The Centers for Medicare and Medicaid Services (CMS) is the component of the U.S. Department of Health and Human Services (DHHS) that oversees Medicare and Medicaid. A large portion of Medicare and Medicaid dollars is used each year to cover nursing home care and services for the elderly and disabled. State governments oversee the licensing of nursing homes. In addition, States have a contract with CMS to monitor those nursing homes that want to be eligible to provide care to Medicare and Medicaid beneficiaries. Congress established minimum requirements for nursing homes that want to provide services under Medicare and Medicaid. These requirements are broadly outlined in the Social Security Act, which also entrusts the Secretary of Health and Human Services with the responsibility of monitoring and enforcing these requirements. The Centers for Medicare and Medicaid Services is also charged with the responsibility of working out the details of the law and how it will be implemented, which it does by writing regulations and manuals.[10]


Typical nursing home staff


Once a patient has moved into the nursing home, their relatives may not have significant contact with the administration team, unless there are specific concerns that arise. Depending on the size of the nursing home, the administration staff may be very small, consisting of only a handful or people, or it may have dozens of staff responsible for individual departments (i.e., accounting, human resources, etc). Most states require nursing home administrators to have a license to run a facility.

Support personnel

Some staff members focus solely on caring for the buildings and grounds. Custodians, maintenance staff, and groundskeepers, for example, keep the inside and outside of the building in clean, working order.

Additional support personnel also include people who may have some contact with the patient in the nursing home, but it may not be daily or even regularly. For example, nursing homes may have an activities director who is responsible for planning and implementing holiday events, daily and weekly educational and social activities, coordinating special visitors and religious services. Larger facilities may have multiple staff members, such as chaplains or activity assistants, who take on some of those roles. Physical therapy staff may also be available, depending on the home.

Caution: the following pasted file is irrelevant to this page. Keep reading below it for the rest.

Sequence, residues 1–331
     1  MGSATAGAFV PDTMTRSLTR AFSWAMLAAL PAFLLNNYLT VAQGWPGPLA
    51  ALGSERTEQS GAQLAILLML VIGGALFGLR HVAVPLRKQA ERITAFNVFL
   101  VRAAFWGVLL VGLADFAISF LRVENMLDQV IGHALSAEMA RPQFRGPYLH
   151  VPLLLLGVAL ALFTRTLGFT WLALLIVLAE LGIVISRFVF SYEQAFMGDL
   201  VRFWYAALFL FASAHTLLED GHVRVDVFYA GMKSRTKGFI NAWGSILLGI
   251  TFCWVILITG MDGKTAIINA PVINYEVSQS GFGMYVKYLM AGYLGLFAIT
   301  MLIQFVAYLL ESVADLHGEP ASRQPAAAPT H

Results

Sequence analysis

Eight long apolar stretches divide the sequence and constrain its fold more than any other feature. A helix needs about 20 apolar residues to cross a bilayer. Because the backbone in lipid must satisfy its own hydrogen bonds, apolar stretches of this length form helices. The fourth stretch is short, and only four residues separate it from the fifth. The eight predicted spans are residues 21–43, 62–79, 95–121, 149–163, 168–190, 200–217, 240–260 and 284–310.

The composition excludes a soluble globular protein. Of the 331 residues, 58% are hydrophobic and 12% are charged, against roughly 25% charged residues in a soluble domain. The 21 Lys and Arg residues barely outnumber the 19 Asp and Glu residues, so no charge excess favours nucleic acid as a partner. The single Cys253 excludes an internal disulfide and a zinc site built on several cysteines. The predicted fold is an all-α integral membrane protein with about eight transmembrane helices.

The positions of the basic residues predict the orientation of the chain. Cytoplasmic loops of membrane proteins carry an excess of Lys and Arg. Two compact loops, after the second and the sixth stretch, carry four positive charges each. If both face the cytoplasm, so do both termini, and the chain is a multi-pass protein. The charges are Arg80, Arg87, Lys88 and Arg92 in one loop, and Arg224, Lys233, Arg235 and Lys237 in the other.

Direct care staff

Nurse at a nursing home in Norway

The direct care staff have direct, daily contact with the patient. The following are types of direct care staff included in all nursing homes:

    Registered nurse (RN)
    Licensed practical nurse (LPN) or licensed vocational nurse (LVN)
    Certified nursing assistant (CNA)

Staffing requirements

Federal law requires all nursing homes to provide enough staff to adequately care for residents. There is no current federal standard for optimal nursing home staffing levels. The nursing home must have at least one RN for at least 8 straight hours a day, 7 days a week, and either an RN or LPN/LVN on duty 24 hours per day. Certain states may have additional staffing requirements. CNAs provide care to nursing home residents twenty four hours per day, seven days a week.


Nursing homes offer the most extensive care a person can get outside a hospital. Nursing homes offer help with custodial care—like bathing, getting dressed, and eating—as well as skilled care given by a registered nurse and includes medical monitoring and treatments. Skilled care also includes services provided by specially trained professionals, such as physical, occupational, and respiratory therapists.

The services nursing homes offer vary from facility to facility. Services include:

    Room and board
    Monitoring of medication
    Personal care (including dressing, bathing, and toilet assistance)
    24-hour emergency care
    Social and recreational activities

Occupational Therapy